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Jerry Ye
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Hello,
I would like to ask in this code snippet, with value1 AtomicLong

value1.incrementAndGet returns a long. So here is in fact forEach(int -> long). Why does it compile while it doesn't work with(i->100)?
Thanks.
 
Junilu Lacar
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Can you be more specific about what isn't working? Does it not compile at all? Or are you getting unexpected results when you run? Please TellTheDetails
 
Jerry Ye
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Junilu Lacar wrote:Can you be more specific about what isn't working? Does it not compile at all? Or are you getting unexpected results when you run? Please TellTheDetails

Well, it compiles and works well, and that's my question. Why does it compiles?
 
Junilu Lacar
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I was referring to the part where you said "it doesn't work with (i->100)" - what happens when you use that instead of what you say works?
 
Junilu Lacar
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Think about though, which of the statements below will compile:

Assume that value1 is defined as you had it before.

[EDIT: modified code to make it more equivalent to what the lambda does]
 
Piet Souris
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It is not clear to me as well.

This code:

does not compile. NetBeans reports "int cannot be converted to void".

Now, that seems to imply that we can only use a method call, no matter if this method is a void method or that it returns some value. For instance:

Funny thing is that in the cases that do compile, NetBeans reports that the boxing to Integer is innecessary. If you then let NetBeans do what it suggests (i -> 100), it immediately reports that compiler error again.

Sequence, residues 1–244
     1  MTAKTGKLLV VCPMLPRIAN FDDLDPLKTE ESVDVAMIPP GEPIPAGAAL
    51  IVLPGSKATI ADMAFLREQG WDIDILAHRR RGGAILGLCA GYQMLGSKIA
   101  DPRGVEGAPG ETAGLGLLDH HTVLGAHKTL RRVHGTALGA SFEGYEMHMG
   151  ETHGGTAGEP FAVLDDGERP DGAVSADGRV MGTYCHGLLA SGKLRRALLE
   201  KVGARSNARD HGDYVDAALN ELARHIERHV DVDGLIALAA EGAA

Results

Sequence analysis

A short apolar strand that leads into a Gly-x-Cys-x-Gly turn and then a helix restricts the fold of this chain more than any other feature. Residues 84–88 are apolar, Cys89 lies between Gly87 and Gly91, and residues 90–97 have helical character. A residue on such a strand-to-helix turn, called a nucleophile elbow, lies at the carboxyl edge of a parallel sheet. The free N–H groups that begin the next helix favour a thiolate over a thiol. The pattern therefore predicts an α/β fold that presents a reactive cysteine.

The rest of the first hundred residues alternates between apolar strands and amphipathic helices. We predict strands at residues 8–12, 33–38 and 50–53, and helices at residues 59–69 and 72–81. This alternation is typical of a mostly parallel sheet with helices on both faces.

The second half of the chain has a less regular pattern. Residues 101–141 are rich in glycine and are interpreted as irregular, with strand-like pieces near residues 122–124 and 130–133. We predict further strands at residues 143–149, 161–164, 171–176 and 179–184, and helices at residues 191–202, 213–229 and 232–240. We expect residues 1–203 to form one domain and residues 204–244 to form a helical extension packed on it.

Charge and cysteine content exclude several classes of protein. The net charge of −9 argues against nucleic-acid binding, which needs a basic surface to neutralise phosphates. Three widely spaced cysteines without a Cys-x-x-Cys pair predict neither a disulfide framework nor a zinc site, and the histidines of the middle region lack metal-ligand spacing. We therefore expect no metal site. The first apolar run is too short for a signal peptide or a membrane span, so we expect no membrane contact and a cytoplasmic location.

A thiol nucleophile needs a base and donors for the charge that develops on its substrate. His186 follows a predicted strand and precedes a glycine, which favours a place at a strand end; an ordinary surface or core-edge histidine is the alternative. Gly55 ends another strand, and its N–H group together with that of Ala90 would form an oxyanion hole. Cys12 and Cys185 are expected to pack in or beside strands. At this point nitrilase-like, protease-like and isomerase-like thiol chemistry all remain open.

In the first line, the return value is void, so it is clear why this is allowed. I do not know the difference between the second and the third case. I think we need some expert here to explain what is going on.
 
Junilu Lacar
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I see the point of your question now.  I couldn't find any reference in the JLS after a quick search but it seems to me that the type inference rules for the lambda body is what's controlling this. The expression value1.incrementAndGet() returns a long but syntactically, it's a method invocation. In a normal block of code, you could call the method as I showed in my previous reply and ignore the value that was returned. That would make the method invocation still compatible with a void return type. That is, Java seems to be making a best-effort interpretation of the lambda expression as this:

With any constant expression, Java cannot make any best-effort interpretation that would even compile:

So Java has to interpret (i)->100 as

If you try to replace the lambda body with any method invocation that returns something/anything, like "X".concat("Y"), it works. For example, this works:

So, I guess the bottom line is, for the lambda body expression to be compatible with void, it has to be what the JLS calls "a statement expression or void-compatible" (I think one of the SO links in those search results has the reference to the relevant parts of the JLS)
 
Jerry Ye
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Junilu Lacar wrote:I see the point of your question now.

Thanks for your answer. I think I understand now.
 
It is sorta covered in the JavaRanch Style Guide.
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